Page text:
In three electrode mode, the Reference lead is separated from the Counter and connected to a third electrode. This electrode is most often positioned so that it is measuring a point very close to the working electrode (which has both Working and Working Sense leads attached: see Figure 4).
Figure 4: 3-electrode cell setup
In Figure 3 the sense points are located at A and—roughly—B. Three-electrode setups have a distinct experimental advantage over two-electrode setups: they measure only one half of the cell. That is, the potential changes of the working electrode are measured independent of changes that may occur at the counter electrode.
This isolation allows for a specific reaction to be studied with confidence and accuracy. For this reason, 3-electrode mode is the most common setup used in electrochemical experimentation.
In four-electrode mode the Working Sense lead is decoupled from the working electrode, as was (and in addition to) the Reference lead (see Figure 5).
Four-electrode setups measure potential along the B-D line in Figure 3, where there may be some “obstruction” at C. This setup is relatively uncommon in electrochemistry, though it does have its place. In 4-electrode mode, the potentials for any electrochemical reactions that are occurring at the working (and counter) electrode(s) are not being measured. What is being measured is the effect of an applied current on the solution itself or some barrier in that solution.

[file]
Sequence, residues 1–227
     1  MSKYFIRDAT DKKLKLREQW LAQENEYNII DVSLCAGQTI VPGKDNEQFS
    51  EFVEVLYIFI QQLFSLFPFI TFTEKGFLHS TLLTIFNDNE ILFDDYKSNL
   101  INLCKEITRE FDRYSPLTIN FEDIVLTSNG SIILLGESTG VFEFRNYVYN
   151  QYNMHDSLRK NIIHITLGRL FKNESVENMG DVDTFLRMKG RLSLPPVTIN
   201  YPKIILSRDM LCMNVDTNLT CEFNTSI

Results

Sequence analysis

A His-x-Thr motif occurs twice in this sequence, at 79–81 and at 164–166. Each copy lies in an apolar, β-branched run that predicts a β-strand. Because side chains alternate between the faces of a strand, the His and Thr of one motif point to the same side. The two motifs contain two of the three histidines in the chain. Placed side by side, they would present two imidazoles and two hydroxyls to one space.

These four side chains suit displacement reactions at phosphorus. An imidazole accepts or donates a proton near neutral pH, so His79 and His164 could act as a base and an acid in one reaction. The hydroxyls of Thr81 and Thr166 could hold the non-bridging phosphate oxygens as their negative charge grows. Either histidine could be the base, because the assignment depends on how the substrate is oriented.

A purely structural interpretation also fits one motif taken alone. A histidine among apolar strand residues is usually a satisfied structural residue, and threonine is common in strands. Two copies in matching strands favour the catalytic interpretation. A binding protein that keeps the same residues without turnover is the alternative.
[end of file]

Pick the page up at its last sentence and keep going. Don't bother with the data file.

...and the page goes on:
Figure 5: 4-electrode cell setup
The most common use of this setup is to measure impedance across some solution-phase interface, such as a membrane or liquid-liquid junction. This setup can be used to make very accurate measures of solution resistance or the resistance across the surface of some material (solid-state cells).
Special Case Setup: ZRA Mode
Zero Resistance Ammeter (ZRA) experiments are a special instance. In ZRA mode, the Working and Counter electrode leads are shorted together inside the instrument, i.e., there is zero net voltage dropped across the whole cell. For Gamry instruments, the setup is similar to the 3-electrode setup (Figure 4), with an extra, orange Counter Sense (CS) lead connected to the counter (see Figure 1). The Reference electrode is not critical in this experiment, but can act as a “spectator” electrode to the Working-Counter coupling.
Figure 6: Measured potential map across a ZRA mode Cell. W/WS at A, C/CS at E. Note that this is not an accurate potential map within the Helmholtz layers. B and D represent closest measurable approaches.
ZRA mode redraws Figure 3 as Figure 6. Now the potential at A equals the potential at E. The reference could be at position B, C, or D. The Reference in solution picks up slightly different potentials based on position, current-flow and solution-resistance.
ZRA mode is used for galvanic corrosion, electrochemical noise, and a handful of specialized experiments.